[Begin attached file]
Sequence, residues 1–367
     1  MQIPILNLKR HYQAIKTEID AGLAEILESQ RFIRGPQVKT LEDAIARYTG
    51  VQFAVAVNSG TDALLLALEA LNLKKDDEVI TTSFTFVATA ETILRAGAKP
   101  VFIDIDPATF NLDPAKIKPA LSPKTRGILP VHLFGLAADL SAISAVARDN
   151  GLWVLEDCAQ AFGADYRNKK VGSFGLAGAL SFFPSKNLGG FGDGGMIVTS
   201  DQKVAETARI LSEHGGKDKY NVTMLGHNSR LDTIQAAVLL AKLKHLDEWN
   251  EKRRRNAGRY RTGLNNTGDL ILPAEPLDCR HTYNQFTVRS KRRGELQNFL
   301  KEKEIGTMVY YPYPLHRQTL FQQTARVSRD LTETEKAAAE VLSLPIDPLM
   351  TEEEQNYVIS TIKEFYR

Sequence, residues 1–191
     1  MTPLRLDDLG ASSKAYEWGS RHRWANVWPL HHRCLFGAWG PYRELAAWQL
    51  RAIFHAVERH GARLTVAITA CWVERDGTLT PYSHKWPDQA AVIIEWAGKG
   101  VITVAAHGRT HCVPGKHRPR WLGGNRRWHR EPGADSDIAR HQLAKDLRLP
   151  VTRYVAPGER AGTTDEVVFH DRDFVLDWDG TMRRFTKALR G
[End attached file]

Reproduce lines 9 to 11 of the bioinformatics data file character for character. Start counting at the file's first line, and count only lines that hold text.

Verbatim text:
   351  TEEEQNYVIS TIKEFYR

Sequence, residues 1–191
     1  MTPLRLDDLG ASSKAYEWGS RHRWANVWPL HHRCLFGAWG PYRELAAWQL